Music modulation of pain perception

One good thing about music, when it hits you, you feel no pain -Bob Marley

Playing music for pain relief isn’t exactly a new idea. Music has been used as a tool to promote physical and mental recovery for centuries, with the ancient Greeks initially describing music as a rational treatment strategy. Music is a highly desirable treatment tool for pain management because it is cost-effective, easy to administer, free of side effects, non-invasive, and does not negatively interact with other medicine. There is overwhelming behavioural evidence to show that passive music listening can reduce perceived pain[1], with hundreds of published studies describing this phenomenon of “music-induced analgesia”. So what is all the buzz about?

The novel goal of this research[2] was to provide insight into the neural processes involved in music-induced analgesia. To date, there have been no studies to investigate the neural structures involved in music-induced analgesia, leaving a major gap in our knowledge. This study is the first to show the neural structures involved in pain’s response to music within the brain, brainstem, and spinal cord using functional magnetic resonance imaging (fMRI), and to demonstrate a potential mechanism of action. Up until now, music-induced analgesia has been thought to be the result of opioid (a natural pain killer) released by activation of the the descending pain modulation system – a response to listening to pleasurable music. The descending pain modulation system is comprised of the periaqueductal grey (PAG) and the rostral ventromedial medulla (RVM) regions of the brainstem. The PAG has extensive, reciprocal connections with the same limbic and forebrain structures that are activated when listening to music[3-5]. The PAG-RVM connection to the forebrain structures has the ability to reduce noxious information, and these regions also have connections to the spinal cord where they may influence the spinal cord responses to a noxious (painful) sensation[3].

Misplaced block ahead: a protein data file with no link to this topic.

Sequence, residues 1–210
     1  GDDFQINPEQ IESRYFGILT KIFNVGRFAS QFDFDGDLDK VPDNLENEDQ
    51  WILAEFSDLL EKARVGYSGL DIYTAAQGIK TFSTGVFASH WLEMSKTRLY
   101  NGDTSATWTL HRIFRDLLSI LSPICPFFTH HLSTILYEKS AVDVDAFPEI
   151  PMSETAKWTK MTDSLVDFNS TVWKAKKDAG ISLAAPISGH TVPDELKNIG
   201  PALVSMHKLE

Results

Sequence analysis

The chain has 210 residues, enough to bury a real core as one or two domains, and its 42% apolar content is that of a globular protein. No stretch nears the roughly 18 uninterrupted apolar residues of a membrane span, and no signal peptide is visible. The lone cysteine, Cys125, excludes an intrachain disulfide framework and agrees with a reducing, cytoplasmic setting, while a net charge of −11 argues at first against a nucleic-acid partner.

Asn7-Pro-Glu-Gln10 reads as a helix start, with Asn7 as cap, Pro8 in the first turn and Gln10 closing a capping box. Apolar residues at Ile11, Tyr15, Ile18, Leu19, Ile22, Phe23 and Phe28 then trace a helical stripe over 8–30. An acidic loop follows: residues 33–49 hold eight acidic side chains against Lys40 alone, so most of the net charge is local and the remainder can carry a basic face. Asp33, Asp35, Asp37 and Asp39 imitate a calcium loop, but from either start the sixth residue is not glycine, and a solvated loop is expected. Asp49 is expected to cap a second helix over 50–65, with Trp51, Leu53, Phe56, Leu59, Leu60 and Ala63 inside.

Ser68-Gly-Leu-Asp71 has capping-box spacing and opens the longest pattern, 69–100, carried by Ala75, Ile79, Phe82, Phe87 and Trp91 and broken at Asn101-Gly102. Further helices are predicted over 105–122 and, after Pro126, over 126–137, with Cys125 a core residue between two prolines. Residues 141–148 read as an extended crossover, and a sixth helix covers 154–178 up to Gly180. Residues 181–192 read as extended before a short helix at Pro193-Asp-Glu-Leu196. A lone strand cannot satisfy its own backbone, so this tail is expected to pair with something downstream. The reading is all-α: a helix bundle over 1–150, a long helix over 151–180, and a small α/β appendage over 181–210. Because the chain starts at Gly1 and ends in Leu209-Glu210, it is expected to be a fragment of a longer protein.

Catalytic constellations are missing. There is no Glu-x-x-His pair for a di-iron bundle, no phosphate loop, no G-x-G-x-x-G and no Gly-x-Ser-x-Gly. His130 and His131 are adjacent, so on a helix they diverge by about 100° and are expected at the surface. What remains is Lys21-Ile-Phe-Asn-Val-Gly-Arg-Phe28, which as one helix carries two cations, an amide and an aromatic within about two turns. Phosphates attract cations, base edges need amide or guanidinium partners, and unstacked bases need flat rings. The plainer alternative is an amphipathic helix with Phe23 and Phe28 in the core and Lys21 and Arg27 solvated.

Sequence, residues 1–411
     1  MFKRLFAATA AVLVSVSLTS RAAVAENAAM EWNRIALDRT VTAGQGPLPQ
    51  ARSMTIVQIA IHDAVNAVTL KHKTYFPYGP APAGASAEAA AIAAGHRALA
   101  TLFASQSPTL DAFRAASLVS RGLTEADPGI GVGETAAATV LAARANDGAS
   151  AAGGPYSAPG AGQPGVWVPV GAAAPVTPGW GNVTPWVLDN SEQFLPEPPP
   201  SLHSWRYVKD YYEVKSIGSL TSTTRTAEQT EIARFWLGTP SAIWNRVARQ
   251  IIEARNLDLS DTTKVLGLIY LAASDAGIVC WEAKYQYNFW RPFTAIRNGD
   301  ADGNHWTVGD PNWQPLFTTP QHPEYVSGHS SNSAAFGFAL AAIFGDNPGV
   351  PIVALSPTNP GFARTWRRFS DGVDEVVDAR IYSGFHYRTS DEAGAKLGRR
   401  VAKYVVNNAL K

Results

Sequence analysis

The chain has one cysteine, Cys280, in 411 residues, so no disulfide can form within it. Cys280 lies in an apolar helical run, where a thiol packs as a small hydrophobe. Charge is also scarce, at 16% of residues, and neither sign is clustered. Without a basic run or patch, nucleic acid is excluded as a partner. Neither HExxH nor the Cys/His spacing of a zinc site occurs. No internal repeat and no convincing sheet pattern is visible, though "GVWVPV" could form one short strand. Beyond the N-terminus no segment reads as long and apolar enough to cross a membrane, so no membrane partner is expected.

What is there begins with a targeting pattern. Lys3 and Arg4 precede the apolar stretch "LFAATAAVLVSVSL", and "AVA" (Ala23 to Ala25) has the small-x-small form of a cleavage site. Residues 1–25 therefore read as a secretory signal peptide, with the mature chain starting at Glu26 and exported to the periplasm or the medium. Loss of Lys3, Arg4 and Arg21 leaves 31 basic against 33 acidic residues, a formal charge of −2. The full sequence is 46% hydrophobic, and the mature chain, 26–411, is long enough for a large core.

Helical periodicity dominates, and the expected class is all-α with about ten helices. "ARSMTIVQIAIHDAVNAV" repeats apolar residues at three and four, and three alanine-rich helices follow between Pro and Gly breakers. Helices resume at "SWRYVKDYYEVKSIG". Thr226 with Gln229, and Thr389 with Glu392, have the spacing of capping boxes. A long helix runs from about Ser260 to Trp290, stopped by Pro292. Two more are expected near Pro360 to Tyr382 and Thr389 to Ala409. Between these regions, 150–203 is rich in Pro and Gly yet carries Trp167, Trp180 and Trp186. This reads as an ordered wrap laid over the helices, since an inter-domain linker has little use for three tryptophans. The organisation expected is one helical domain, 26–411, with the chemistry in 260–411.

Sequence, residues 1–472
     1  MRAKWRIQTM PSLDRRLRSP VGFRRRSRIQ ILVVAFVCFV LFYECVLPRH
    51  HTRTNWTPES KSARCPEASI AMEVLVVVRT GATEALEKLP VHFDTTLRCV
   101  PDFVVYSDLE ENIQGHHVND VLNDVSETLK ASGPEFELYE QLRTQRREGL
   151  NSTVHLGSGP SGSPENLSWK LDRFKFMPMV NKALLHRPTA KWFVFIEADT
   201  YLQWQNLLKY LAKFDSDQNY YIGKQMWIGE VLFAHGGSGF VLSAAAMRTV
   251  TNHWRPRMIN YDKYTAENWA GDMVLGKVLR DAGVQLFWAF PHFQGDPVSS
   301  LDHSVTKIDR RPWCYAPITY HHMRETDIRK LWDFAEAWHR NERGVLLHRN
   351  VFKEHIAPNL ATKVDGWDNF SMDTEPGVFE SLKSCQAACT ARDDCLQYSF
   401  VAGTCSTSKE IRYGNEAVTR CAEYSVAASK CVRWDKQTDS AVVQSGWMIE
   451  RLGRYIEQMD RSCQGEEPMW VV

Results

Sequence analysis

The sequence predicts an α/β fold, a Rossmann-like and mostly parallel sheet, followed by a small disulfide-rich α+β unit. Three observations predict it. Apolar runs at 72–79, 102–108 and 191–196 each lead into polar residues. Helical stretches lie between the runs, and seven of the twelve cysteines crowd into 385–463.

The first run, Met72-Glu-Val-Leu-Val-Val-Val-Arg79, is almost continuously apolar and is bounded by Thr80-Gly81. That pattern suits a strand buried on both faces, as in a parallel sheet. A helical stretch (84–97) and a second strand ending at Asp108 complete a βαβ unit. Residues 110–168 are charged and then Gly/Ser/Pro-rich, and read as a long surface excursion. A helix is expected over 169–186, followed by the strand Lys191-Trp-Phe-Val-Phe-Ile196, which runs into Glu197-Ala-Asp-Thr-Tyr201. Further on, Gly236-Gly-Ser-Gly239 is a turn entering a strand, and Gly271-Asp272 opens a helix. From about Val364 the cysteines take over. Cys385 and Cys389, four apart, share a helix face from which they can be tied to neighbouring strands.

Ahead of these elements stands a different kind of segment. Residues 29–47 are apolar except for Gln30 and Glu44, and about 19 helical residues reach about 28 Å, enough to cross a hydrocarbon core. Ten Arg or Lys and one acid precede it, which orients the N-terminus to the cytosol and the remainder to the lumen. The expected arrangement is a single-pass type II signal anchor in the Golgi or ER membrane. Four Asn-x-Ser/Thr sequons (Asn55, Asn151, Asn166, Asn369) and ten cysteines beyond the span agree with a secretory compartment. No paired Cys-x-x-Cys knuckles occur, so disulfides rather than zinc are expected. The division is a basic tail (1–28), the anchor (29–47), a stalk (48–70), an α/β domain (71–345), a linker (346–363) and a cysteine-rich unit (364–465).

Thus, to investigate the proposed mechanism of music-induced analgesia, we used fMRI of the brain, brainstem and spinal cord in one imaging session. In order to create the most pleasurable and rewarding experience possible, we asked female participants to bring in their favorite pieces of music. The experimental session consisted of two trials; during one trial, the favorite music pieces were played, during the second trial, no music was played. A painful, well defined (same temperature for each trial) thermal stimulus was applied to the participant’s right hand half way through each trial. The participants were not told that the hot thermal stimulus was the same for each trial. After each trial, we asked the participants to rate their pain on a scale of 1-100.

The subjective pain reports of pain intensity were consistent with the literature, that is, pain ratings were significantly reduced when participants listened to their music, and were higher when they did not listen to music at all. The hot thermal stimulus induced activation in brain regions known to be involved in pain perception[6]. Active brain regions associated with pleasurable music listening included limbic, frontal, and auditory regions, as expected[4,5] .

What is interesting, is that in the music condition, there were neuronal responses detected in structures that correspond with pain modulation. When comparing the two conditions, the music condition had relatively lower activity in the contralateral somatosensory cortex, an increased activation of the PAG, coupled with a suppression of activity in the dorsal horn of the spinal cord, all signs indicative of descending pain modulation. Furthermore, there were significant differences in the measured fMRI responses between the two conditions within the anterior cingulate cortex (ACC), orbitofrontal cortex (OFC), insula, thalamus, parahippocampal gyrus, primary auditory cortex, and dorsolateral prefrontal cortex (DLFPC). Therefore, in the music listening condition, brain, brainstem, and spinal cord regions all showed a change in activity in response to a painful thermal stimulus compared with the non-listening condition. These differences occurred with a corresponding decrease in subjective pain ratings, and are consistent with engagement of the body’s natural descending pain control mechanisms.

This is the first imaging study to characterize the neural response to pain across the entire central nervous system. It is also the first imaging study to assess how these responses are modulated by music. Although this study is a good first step, it raises more questions than it answers. Further research is warranted to determine the influence of factors such as attention, type of music selected, patient attributes, and emotion on the pain regulation process.

About Christine Dobek